HC Deb 05 June 1945 vol 411 cc679-81
45. Captain Lonģhurst

asked the Prime Minister to what medal men who have served in Paiforce will be entitled.

The Prime Minister (Mr. Churchill)

I am still not satisfied with the arrangements which have been made on this subject up to the present time, and therefore I will ask my hon. and gallant Friend to allow me to pursue my task which involves many minor complications.

Mr. Shinwell

Will the right hon. Gentleman bear in mind that he has not much time, if he is to get these things settled before he leaves that side of the House?

The Prime Minister

That is counting chickens before they are hatched.

46. Sir H. Williams

asked the Prime Minister if military permanent staffs of hospital ships and troopships will be eligible for the Atlantic Star, Africa Star and Italy Star, etc., on the same terms as the Merchant Navy personnel.

The Prime Minister

Yes, Sir. But no other doors can be opened on this account.

52. Captain Peter Macdonald

asked the Prime Minister whether it is proposed to award any medal to the large numbers of Allied troops who served in this country during the time that their own countries were occupied by the enemy; and whether, in view of the fact that large numbers of such men on returning home are without visible record of their services overseas, he will arrange for this matter to be considered at an early opportunity.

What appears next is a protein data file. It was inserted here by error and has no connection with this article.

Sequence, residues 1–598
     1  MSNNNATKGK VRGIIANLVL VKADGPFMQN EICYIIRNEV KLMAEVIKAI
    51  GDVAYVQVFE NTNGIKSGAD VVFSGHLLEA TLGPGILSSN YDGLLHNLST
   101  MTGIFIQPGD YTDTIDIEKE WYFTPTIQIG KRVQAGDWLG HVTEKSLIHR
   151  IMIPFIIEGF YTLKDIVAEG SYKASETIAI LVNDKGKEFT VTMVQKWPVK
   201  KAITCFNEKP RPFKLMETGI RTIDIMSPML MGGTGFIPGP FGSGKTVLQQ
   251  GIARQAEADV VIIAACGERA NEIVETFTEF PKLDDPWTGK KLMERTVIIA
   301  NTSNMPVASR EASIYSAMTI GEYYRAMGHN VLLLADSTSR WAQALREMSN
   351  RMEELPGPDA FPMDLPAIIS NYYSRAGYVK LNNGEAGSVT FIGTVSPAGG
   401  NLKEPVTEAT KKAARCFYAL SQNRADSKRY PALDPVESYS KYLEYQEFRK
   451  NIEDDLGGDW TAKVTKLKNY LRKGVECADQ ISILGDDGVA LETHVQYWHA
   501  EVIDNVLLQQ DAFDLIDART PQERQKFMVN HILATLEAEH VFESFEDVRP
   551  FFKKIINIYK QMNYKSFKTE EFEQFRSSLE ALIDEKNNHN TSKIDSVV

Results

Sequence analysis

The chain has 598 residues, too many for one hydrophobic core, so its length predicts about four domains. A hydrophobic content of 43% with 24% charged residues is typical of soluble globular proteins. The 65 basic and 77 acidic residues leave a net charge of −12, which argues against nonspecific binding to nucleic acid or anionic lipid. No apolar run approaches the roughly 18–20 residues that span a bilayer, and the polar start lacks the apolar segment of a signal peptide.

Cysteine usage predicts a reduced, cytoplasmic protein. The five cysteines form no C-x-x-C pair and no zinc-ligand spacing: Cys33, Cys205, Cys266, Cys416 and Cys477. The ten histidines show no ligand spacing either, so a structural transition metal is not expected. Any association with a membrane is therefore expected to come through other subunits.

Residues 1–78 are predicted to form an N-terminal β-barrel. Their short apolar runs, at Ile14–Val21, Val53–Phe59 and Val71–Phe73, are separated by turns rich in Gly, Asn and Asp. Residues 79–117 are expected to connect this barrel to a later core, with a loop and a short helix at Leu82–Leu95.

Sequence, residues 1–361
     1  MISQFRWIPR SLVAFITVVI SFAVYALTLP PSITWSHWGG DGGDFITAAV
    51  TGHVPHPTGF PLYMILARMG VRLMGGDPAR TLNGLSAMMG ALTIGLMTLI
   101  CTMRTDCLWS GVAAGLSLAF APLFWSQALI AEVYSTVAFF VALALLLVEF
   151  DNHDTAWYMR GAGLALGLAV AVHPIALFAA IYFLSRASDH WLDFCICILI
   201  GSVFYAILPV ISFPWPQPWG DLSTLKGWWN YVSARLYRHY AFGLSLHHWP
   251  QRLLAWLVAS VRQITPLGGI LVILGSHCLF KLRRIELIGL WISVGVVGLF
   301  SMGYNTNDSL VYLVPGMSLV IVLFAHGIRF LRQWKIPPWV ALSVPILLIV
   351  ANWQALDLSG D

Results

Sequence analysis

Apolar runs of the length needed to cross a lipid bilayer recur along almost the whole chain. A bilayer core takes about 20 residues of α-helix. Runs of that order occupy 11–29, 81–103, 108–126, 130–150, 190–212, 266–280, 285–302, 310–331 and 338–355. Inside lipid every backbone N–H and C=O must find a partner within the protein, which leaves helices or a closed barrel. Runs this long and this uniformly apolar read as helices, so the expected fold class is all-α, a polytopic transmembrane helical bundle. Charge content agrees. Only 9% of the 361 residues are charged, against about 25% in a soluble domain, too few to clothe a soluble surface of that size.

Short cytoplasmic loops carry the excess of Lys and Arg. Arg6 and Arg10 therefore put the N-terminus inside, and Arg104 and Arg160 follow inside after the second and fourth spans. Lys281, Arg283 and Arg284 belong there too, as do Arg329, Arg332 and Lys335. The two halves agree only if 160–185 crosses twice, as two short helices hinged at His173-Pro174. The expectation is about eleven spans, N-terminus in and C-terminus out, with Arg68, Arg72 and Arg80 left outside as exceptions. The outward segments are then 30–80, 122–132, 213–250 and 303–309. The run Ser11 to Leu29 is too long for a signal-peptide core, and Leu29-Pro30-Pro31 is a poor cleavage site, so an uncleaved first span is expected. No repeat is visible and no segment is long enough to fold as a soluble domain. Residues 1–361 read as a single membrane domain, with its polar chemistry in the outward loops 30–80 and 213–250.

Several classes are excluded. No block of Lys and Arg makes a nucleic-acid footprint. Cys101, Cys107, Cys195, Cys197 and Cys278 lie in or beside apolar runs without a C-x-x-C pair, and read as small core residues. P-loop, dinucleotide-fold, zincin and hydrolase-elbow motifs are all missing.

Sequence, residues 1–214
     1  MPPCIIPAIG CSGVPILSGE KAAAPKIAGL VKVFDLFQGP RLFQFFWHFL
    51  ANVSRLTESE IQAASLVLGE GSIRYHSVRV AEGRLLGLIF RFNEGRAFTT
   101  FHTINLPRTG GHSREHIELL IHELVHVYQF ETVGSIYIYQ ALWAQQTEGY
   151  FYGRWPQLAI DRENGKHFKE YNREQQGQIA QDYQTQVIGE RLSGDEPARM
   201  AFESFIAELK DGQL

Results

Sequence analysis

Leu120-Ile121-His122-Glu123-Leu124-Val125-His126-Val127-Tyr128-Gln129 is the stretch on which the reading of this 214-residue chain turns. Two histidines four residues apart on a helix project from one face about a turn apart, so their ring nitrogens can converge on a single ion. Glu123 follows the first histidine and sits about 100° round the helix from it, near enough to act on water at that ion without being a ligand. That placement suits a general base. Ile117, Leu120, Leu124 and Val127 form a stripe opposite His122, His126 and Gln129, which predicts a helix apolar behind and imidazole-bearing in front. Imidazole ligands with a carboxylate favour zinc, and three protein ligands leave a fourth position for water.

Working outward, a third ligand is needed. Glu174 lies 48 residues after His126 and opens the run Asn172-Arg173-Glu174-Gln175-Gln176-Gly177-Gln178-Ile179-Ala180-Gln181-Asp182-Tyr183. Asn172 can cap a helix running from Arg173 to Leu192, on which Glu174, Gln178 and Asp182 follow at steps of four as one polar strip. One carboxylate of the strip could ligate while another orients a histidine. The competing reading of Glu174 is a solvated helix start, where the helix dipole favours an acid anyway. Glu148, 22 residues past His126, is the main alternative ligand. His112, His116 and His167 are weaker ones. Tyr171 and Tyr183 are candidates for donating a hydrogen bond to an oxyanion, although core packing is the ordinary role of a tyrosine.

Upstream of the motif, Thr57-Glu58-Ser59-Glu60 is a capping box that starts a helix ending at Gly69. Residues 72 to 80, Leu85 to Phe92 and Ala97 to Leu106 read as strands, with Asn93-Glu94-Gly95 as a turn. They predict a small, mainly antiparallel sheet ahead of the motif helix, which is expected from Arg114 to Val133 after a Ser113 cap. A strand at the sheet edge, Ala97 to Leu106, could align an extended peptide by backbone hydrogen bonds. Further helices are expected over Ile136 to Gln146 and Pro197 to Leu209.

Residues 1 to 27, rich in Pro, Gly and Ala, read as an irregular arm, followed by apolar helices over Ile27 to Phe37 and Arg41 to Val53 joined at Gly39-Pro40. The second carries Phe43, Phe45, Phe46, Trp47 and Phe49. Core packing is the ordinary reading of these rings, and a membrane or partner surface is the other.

The Prime Minister

This requires further examination. You move on one point and a dozen other questions come up for decision. However, I should like to examine this further. The White Paper covers many millions of cases, and we are anxious to get the ribbons out as fast as possible to the people who want to enjoy them. Meanwhile, we are tidying up minor matters or, rather, quite important matters which are not within the scope of the White Paper.

Captain Macdonald

Is my right hon. Friend aware that a large number of our Allies who served in their own ships over here, are now returning to their own countries, and find that their absence during the period of the occupation of their countries is sometimes looked upon with suspicion, and they feel that they ought to have some means of showing the services they have rendered to their countries during the time they were away?

The Prime Minister

That is an argument for haste, and I quite agree with it.

Mr. Glenvil Hall

Will the right hon. Gentleman remember that the chances are that a Victory Medal will eventually be struck, and that these men will be covered by that?

The Prime Minister

Yes, Sir.

55. Major-General Sir Alfred Knox

asked the Prime Minister whether he will consider awarding to the volunteers of the Royal Engineers who formed the bomb-disposal sections in 1940–41 a silver rosette to the 1939–45 Star, as these men did valuable work, suffered heavy casualties, and have, so far, had no special recognition.

The Prime Minister

I have given much thought to this matter. I regard these services among the very highest that have been rendered to this country. Various proposals have been made, but I am not satisfied that the recognition is sufficient. I shall devote myself to this matter as opportunity permits; but as it affects so small a number of people, it must not arrest the main flow of decorations to so many who have done so well.